By Jim Ellis
Sept. 14, 2021 — Movement is occurring in the Wyoming Republican primary challenge race against at-large Rep. Liz Cheney (R-Wilson). At this point, however, the latest developments may still not be enough to deny her re-nomination in a crowded open GOP primary scheduled for Aug. 16, 2022.Attorney and former Wyoming Republican National Committeewoman Harriet Hageman late last week announced her candidacy in the Equality State’s lone congressional district. She joined a throng of eight GOP candidates opposing Rep. Cheney in the 2022 primary.
A day after Hageman’s announcement, former President Donald Trump, who is the focal point of Rep. Cheney’s actions relating to the Jan. 6 uprising at the Capitol and her vote to impeach him, is now actively supporting one of the candidates.
Hageman, in a coordinated announcement and endorsement over a two-day period, entered the race knowing she had the support of the former national chief executive. Such backing has often helped other endorsed candidates prevail in similar Republican primaries.
After Trump publicized his Hageman endorsement, the field slimmed to seven as US Air Force veteran Bryan Miller and attorney Darin Smith ended their campaigns, thus answering the former President’s call for the party to unite behind one candidate.
The remaining group of contenders, state Sen. Anthony Bouchard (R-Laramie), state Rep. Chuck Gray (R-Casper), retired Army Colonel Denton Knapp, former Pavillion mayor, Marissa Joy Selvig, and two minor candidates, have not yet followed suit.
Polling suggests that the crowded field, with the anti-Cheney vote split multiple ways, could allow the congresswoman to win re-nomination with a rather small plurality. Another point in her favor is that Wyoming does not register voters by political party affiliation. In this state’s nomination elections, and in many other places, voters simply choose the party primary in which they desire to participate.
This system would allow disaffected Democrats to vote in the Republican primary. They would likely support Cheney, having the goal of thwarting the Trump and conservative forces who are attempting to oust her.
Because Rep. Cheney has gone so far to oppose Mr. Trump’s post-election actions and stances, denying her re-nomination becomes a significant test of the former president’s party leadership. Cheney has even aligned herself with House Speaker Nancy Pelosi (D-CA) in taking her Trump opposition to the ultimate level by serving as a member of the House select committee investigating the Capitol uprising. This was knowingly done so in defiance of House Republican Leader Kevin McCarthy’s (R-CA) directive to the GOP members vis-a-vis committee participation.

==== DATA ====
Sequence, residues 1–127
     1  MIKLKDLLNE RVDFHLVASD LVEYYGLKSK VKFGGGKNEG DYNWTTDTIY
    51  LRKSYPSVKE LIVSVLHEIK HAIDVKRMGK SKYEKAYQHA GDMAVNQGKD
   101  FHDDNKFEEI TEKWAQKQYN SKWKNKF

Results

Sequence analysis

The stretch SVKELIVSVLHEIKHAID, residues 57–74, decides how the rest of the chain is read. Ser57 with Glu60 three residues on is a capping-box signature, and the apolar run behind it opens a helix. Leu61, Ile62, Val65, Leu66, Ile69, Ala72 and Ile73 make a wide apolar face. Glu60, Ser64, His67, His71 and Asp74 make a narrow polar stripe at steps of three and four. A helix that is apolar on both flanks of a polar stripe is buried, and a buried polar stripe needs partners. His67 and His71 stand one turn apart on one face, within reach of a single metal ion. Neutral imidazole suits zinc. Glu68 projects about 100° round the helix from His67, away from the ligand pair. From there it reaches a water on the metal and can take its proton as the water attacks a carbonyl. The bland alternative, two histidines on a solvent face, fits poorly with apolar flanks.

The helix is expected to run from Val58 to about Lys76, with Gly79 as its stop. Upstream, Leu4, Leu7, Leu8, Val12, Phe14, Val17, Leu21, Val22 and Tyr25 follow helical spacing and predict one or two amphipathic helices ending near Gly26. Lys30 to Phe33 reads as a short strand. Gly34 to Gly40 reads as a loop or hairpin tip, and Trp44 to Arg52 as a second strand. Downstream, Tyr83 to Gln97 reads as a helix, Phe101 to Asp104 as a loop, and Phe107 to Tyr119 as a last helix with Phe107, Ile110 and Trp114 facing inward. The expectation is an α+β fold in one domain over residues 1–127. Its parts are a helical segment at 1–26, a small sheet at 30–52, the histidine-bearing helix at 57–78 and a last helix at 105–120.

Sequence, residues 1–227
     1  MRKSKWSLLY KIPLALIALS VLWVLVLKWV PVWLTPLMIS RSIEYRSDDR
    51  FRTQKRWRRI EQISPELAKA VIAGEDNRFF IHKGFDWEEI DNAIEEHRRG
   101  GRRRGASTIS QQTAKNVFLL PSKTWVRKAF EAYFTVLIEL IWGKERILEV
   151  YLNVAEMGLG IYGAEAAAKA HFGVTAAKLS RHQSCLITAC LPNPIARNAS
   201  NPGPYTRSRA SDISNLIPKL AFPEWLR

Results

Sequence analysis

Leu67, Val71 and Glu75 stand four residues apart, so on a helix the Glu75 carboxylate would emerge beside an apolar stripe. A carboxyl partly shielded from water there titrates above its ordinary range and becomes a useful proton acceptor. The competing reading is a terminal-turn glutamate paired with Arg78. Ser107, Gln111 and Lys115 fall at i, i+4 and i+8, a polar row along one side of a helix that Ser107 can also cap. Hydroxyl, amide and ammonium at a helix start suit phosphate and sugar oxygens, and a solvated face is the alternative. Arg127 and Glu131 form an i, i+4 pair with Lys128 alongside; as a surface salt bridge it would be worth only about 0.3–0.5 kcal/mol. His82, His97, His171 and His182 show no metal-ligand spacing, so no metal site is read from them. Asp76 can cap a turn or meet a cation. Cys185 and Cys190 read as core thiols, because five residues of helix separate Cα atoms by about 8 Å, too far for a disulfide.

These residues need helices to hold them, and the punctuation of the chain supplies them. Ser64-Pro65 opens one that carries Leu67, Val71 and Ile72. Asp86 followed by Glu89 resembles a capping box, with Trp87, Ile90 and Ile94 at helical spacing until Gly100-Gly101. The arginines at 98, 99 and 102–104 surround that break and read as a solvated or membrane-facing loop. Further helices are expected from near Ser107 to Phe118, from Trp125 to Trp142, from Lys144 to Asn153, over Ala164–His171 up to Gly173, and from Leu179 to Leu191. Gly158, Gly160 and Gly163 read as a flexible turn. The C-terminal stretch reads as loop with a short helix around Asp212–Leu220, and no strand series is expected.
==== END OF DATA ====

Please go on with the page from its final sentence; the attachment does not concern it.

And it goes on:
If Trump and aligned conservative leaders can convince the remaining candidates to end their campaigns in favor of Ms. Hageman, the chances of defeating Rep. Cheney become very strong. The scenario where she survives, however, is the one that is unfolding during the present period.
Early polling and simple arithmetic provides support for the one challenger argument. There have only been two public polls conducted for this race since July 1, both late in that month. McLaughlin & Associates (July 26; 300 Wyoming likely Republican primary voters, live interview) and the Remington Research Group (July 28; 766 Wyoming likely Republican primary voters, interactive voice response system) conducted the surveys.
In testing six named opponents, Rep. Cheney was ahead of the pack with only 23 percent support in her own party primary even though 77 percent of the respondents in the McLaughlin poll saying they would not vote for her.
On the other hand, as the McLaughlin poll also found, certain individual candidates in a head-to-head battle, such as state Rep. Gray, would defeat the congresswoman with as much as 63-24 percent margin. The Remington survey showed similar results, though Cheney was slightly behind in their multi-candidate ballot test.
Almost a year from culmination, the Wyoming at-large House Republican primary continues to attract a great deal of national political attention. With former President Trump now actively involved in this campaign, we can be assured that the media coverage will intensify. It promises to be an interesting 11 months. Candidate filing doesn’t close until June 1, so much time remains and many things can happen until the final field is set.